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Georgia Personal Injury Lawyer Auto Accident Attorney: SUV Rollover Deaths Part Six

Georgia Personal Injury Lawyers at Good Georgia Lawyer continue its multi-part series on SUV Rollovers:

Consumer Advocacy Recommendations as to how to solve the Rollover Problem and the Industry’s Response:

On June 4, 2008, former head of NHTSA and then President of Public Citizen Joan Claybrook testified before the Senate Committee on Commerce, Science, and Transportation. She recommended that after twenty years of pushing for a response for NHTSA to address rollover fatalities, the agency do the following:
1. “Instead of tackling the rollover problem in a piecemeal way, it should issue a single, unified rollover crashworthiness standard that tackles the three elements of rollover occupant protection: prevent ejection, provide adequate restraint, and ensure that occupants are not injured or killed by an intruding roof by issuing a dynamic two-sided roof strength standard that measures occupant injury potential.”
2. “Provide widely publicized consumer information about roof strength using a static test that consists of two sequential platen tests until the agency can issue a dynamic crash test standard.”

Historically as well as currently, auto manufacturers refuse to acknowledge that injuries are caused due to roof crush and that any two sided testing is necessary. Currently, NHTSA only requires one sided testing. But as Claybrook explained in her testimony, any rollover performance test must be two sided because the risk to the vehicle occupants completely depends on whether the occupant is sitting on the ‘near side,’ the side that makes contact with the ground first or the ‘far side,’ the side that makes contact with the ground last.

An example of this is to imagine if one was “looking at a vehicle as it rolls sideways, in slow motion: as it rolls over, first one side of the vehicle roof will make contact with the ground; then, the other side will make contact; and, depending on the speed of the vehicle crash, this sequence might repeat several times. In the first impact, the vehicle’s windshield and windows often break, weakening the roof structure by as much as 30 percent, which means the far side occupant is protected by a roof up to 30 percent weaker than the occupant on the near side, which hit the ground first.”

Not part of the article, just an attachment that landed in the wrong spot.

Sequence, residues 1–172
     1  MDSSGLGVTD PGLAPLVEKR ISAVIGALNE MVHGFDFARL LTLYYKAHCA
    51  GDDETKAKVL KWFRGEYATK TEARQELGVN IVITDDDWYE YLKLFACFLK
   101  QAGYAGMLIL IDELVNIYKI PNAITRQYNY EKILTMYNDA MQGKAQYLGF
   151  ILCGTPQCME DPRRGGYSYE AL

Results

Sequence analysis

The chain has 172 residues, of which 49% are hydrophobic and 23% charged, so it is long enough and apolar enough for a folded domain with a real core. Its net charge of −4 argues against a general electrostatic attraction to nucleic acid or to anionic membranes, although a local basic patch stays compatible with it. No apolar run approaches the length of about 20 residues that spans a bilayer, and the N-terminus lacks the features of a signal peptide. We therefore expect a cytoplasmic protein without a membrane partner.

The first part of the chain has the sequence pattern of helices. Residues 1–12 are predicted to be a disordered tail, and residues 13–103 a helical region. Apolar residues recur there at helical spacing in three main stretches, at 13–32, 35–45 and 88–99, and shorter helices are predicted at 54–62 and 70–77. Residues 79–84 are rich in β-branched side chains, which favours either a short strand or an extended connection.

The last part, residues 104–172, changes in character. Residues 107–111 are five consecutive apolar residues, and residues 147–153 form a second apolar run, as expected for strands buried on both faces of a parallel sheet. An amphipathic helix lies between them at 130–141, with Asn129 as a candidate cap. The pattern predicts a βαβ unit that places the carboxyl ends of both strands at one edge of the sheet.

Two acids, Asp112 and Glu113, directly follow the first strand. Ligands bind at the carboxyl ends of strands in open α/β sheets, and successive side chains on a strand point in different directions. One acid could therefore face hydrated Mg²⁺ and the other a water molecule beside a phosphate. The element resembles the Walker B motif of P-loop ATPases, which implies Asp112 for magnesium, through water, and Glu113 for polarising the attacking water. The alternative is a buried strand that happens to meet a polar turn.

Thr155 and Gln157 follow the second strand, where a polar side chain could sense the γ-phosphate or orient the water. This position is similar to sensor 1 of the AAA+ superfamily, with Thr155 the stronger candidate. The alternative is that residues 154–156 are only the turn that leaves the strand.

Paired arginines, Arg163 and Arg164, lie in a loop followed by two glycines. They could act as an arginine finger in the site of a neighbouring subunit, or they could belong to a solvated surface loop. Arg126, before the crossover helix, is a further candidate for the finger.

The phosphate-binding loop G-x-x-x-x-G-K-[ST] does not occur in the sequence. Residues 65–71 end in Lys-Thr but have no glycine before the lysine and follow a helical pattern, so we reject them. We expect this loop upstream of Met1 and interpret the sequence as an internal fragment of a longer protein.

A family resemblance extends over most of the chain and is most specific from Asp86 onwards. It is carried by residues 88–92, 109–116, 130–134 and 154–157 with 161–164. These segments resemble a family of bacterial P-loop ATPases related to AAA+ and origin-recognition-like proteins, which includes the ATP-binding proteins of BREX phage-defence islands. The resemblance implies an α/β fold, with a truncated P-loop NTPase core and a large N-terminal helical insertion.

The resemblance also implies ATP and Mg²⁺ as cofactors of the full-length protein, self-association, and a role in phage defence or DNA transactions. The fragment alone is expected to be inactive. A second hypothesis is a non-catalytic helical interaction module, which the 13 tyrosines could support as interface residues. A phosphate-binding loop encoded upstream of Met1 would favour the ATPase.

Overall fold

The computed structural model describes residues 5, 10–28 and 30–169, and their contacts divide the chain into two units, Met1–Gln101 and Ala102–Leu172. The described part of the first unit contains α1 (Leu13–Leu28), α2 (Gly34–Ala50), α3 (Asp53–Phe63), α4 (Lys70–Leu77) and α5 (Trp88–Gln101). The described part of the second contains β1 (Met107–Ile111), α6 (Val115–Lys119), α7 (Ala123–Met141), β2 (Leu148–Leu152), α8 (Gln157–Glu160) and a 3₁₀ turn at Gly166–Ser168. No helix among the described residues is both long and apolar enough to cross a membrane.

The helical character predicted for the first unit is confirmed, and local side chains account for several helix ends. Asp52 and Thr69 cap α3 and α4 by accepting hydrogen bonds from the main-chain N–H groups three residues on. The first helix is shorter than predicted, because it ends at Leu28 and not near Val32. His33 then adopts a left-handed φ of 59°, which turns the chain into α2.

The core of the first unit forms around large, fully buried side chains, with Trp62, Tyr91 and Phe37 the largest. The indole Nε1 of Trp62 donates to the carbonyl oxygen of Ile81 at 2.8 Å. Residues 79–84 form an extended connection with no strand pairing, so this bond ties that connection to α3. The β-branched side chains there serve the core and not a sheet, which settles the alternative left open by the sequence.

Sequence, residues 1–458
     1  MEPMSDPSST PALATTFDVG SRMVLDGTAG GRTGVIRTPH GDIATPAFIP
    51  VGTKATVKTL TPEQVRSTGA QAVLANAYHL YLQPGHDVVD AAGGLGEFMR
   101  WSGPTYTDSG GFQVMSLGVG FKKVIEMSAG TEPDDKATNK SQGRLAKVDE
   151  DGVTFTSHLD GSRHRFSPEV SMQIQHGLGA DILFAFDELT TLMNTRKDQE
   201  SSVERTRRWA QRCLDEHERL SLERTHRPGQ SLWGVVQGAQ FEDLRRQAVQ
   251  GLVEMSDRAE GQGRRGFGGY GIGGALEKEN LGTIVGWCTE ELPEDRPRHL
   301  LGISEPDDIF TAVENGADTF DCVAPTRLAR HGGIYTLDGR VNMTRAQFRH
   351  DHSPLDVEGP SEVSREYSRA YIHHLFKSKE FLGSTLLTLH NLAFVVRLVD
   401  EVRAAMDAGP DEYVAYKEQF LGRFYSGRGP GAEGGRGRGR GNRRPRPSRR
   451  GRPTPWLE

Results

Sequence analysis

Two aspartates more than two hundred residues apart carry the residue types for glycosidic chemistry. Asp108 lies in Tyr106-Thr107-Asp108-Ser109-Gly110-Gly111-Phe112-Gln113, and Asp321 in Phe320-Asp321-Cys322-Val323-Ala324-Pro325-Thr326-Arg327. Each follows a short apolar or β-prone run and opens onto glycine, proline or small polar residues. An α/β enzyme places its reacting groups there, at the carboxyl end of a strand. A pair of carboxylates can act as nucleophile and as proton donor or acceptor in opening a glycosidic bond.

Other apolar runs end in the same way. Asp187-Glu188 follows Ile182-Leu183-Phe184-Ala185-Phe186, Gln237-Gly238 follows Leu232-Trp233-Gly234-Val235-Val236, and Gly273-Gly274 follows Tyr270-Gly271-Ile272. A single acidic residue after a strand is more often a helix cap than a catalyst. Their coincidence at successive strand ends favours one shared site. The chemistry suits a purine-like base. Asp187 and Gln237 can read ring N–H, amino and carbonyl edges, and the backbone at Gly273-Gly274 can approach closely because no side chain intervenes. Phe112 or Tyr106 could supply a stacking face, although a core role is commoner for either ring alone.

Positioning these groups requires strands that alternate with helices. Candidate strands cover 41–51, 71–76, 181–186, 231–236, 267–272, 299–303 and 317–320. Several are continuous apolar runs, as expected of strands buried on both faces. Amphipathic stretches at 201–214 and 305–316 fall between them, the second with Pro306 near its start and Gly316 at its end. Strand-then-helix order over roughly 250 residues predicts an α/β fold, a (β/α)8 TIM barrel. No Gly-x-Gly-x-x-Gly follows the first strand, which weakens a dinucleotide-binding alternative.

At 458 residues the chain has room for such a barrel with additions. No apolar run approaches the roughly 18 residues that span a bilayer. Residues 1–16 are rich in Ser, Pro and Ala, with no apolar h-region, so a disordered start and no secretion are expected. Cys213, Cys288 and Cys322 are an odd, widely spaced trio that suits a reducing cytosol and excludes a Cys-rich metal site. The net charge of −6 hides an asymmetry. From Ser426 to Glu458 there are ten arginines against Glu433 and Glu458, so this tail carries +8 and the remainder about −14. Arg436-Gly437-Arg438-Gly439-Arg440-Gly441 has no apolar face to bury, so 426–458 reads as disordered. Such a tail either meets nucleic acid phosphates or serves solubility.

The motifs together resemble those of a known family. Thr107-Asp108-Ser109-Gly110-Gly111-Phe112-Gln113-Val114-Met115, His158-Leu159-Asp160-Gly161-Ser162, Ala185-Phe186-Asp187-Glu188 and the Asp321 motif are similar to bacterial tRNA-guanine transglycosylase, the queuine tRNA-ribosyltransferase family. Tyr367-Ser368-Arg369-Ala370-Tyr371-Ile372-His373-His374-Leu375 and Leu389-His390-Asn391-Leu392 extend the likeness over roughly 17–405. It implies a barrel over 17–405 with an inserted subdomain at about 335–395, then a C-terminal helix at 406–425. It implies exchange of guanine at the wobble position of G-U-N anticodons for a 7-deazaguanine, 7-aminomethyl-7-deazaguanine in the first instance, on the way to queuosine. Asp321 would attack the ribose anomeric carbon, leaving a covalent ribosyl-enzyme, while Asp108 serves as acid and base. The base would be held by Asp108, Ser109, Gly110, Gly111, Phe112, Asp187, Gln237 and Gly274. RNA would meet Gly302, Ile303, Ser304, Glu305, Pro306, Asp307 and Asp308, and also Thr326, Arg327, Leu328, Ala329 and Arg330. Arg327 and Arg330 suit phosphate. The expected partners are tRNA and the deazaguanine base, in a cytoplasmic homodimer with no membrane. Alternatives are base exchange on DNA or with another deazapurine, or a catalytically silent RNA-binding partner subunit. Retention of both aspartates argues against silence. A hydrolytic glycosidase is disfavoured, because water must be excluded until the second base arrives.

In real-world crashes, this leads to a situation where the far seated occupant often suffers fatal injuries, while the near seated occupant walks away with only minor injuries. As you can see from the following pictures, people are seriously more injured when sitting on the far side as compared to the near side.

The Problem of Far Side Impacts:
In rollovers the roof is mainly crushed and people are seriously injured on the FAR side,
opposite to the direction of roll (or NEAR side).

As one can also see from the picture, the second, far side impact in a rollover crash is different from the first impact in a number of ways. It “has a different and more severe pitch angle and greater roll angle. The strength provided by the windshield and its bonding is gone after the first impact when both break, meaning that the roof is substantially weakened when the second or far side impact occurs.”

Consequently, a one-sided test fails to diagnose a major cause of injury to occupants in rollovers, and far side roof strength is far more important than near side. “While near side tests pass vehicles that can support 1 ½ times the vehicle’s weight in a static test, on the far side in a sequential test, many vehicle roofs cannot actually support even the weight of the vehicle. This is the reason for roof collapse in actual rollover crashes.”

Moreover, ejection is the most dangerous possibility for an occupant caught in a rollover crash. A vehicle’s roof strength is closely tied to the risk of ejection during a rollover “because if the roof is too weak, the supporting pillars deform and collapse when the vehicle’s roof strikes the ground in a rollover, warping and shattering the windshield and side windows and unlatching the doors and seatbelts allowing the occupants to be ejected.

Conclusively, in rollover crashes, people are seriously injured on the far side and from ejection due to the roof crush. As such, NHTSA’s capitulation to the auto industry in allowing the current one-sided test fails to appropriately measure the roof crush risk and risk of the occupant seated on the far side. In order for the dangers of SUV fatalities to be mitigated, it is essential that a unified rollover crashworthiness standard be adopted that utilizes a two-sided roof strength test standard.